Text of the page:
Hemophilia is passed from parents to children. According to the U.S. Centers for Disease Control and Prevention, hemophilia occurs in approximately one in 5,000 live births. Even though this is an inherited disease, approximately one-third of the cases occur due to spontaneous gene mutation.
Hemophilia is a rare bleeding disorder in which blood doesn’t clot normally due to the lack of sufficient blood clotting factor. Clotting factor is a protein required for blood clotting to occur normally. These proteins work with platelets i.e. small blood cell fragments that form in the bone marrow, to help the blood clot.
There are several types of hemophilia, such as, hemophilia A, hemophilia B (commonly known as Christmas disease) and hemophilia C. Hemophilia A is the most common type of the disorder and is caused due to insufficient clotting factor VIII. Hemophilia A is four times more common than hemophilia B (US$2 billion market), and more than half of the patients with hemophilia A have a severe form of hemophilia.
Hemophilia A patients receive prophy-laxis factor replacement therapy. Prophylactic therapy (prevention therapy) involves three infusions of Factor VIII each week at the hospital at a cost of about $260,000 each year.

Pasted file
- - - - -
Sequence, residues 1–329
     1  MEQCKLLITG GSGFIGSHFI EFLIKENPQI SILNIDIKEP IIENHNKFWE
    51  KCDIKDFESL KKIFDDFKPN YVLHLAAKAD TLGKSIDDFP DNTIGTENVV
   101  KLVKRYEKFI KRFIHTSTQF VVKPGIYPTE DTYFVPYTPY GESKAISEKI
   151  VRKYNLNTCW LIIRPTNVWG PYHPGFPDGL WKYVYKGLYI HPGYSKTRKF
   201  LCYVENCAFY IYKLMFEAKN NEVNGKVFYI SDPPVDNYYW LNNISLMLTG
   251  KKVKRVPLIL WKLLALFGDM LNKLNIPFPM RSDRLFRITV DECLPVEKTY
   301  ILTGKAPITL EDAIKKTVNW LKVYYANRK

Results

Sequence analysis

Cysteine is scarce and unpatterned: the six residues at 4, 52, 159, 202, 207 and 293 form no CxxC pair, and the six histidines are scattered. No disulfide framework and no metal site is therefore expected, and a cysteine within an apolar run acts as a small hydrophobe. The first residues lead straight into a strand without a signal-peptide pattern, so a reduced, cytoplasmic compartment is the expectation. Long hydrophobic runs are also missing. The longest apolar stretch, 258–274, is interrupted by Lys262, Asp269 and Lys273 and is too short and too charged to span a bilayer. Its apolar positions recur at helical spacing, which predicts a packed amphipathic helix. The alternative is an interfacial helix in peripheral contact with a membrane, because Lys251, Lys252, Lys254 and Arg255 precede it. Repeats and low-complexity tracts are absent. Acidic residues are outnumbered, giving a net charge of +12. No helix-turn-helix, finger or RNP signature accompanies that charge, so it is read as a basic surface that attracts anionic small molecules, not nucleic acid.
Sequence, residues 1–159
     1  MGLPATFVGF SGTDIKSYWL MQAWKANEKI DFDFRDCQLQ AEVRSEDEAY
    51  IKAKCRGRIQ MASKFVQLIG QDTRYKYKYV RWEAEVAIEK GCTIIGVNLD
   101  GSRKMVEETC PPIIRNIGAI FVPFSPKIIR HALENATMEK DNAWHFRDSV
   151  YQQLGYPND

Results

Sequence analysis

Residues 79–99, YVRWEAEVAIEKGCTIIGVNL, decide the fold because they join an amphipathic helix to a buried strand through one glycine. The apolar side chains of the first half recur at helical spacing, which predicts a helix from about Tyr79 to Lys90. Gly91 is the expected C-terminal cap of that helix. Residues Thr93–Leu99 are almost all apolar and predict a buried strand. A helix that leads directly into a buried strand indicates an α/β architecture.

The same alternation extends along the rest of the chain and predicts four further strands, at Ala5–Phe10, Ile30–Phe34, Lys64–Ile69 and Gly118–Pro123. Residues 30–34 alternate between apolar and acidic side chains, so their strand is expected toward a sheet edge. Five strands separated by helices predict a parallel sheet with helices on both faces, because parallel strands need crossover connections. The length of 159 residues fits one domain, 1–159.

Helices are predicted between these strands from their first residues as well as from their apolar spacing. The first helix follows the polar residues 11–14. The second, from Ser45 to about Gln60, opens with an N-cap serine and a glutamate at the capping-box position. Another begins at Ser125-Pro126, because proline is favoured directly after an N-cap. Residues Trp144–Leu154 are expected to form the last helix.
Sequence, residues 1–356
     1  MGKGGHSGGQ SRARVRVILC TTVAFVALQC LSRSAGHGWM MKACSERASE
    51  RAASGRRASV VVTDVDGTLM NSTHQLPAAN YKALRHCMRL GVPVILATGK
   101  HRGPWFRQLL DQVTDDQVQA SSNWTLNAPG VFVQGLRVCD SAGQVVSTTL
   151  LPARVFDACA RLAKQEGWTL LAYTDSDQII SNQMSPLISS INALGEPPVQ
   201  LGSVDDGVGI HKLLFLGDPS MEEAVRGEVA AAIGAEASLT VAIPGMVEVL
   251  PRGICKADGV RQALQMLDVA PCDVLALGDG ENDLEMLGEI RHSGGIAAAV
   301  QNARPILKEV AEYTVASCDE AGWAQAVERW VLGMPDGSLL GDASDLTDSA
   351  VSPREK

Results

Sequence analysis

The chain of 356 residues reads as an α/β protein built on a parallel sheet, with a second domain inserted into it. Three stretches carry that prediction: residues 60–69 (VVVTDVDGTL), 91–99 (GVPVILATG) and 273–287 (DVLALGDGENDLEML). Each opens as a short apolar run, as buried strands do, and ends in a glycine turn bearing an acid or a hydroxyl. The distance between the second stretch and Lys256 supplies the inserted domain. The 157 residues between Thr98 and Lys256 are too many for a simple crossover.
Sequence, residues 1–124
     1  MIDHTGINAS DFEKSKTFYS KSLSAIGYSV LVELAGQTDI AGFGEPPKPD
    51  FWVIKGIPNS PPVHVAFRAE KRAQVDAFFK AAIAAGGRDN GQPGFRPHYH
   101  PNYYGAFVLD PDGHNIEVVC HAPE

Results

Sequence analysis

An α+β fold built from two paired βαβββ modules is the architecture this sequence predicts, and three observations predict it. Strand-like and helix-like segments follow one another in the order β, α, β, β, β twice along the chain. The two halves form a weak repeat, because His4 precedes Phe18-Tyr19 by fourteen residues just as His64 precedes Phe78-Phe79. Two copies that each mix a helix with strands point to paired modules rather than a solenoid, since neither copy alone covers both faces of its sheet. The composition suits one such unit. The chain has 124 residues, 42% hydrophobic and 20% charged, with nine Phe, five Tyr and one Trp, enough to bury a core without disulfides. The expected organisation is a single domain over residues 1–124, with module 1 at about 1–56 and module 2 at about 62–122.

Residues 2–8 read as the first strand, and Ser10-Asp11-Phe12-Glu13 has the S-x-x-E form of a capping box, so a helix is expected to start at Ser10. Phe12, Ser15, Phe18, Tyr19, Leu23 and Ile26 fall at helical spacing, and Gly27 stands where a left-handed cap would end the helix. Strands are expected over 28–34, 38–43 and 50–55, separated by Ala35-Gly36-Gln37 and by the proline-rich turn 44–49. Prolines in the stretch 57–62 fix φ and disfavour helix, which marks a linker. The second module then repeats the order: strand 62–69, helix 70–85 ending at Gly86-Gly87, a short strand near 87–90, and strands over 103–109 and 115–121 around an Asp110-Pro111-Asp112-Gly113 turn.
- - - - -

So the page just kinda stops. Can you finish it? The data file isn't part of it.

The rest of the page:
The broader hemophilia A&B market is US$10 billion and is expected to grow to US$13 billion by 2020.
The European Commission’s Horizon 2020 program has just awarded a $5.6M Euro ($8.5M CAD) grant to the HemAcure consortium. The consortium consists of Sernova Corp and five European academic and private partners to advance development of a GMP clinical grade Factor VIII releasing therapeutic cell product in combination with Sernova’s Cell Pouch(TM) for the treatment of severe hemophilia A.
The product being developed by the HemAcure consortium is expected to be highly disruptive to the current standard of care treatments for hemophilia A.
The reviewof the HemAcure grant proposal stated the following:
“Participation of the third country partner (Sernova Corp) is essential for carrying out the (program). This is justified by the fact that the partner in question is the one who possesses the technology that will be the basis of the whole proposal, and which will perform all the in vivo studies. Sernova uses a scalable, contract manufactured, proprietary patented worldwide implantable medical device (Cell Pouch) transplanted with therapeutic cells. (It) has been in development for more than six years and has shown success in multiple small and large animal preclinical models and is now in a clinical trial for another therapeutic indication. This Cell Pouch device is the only such device that when implanted under the skin is proven to become incorporated with blood vessel enriched tissue-forming chambers for the placement of therapeutic cells. This implies that the Canadian partner (Sernova) is an essential partner for the success of this project.”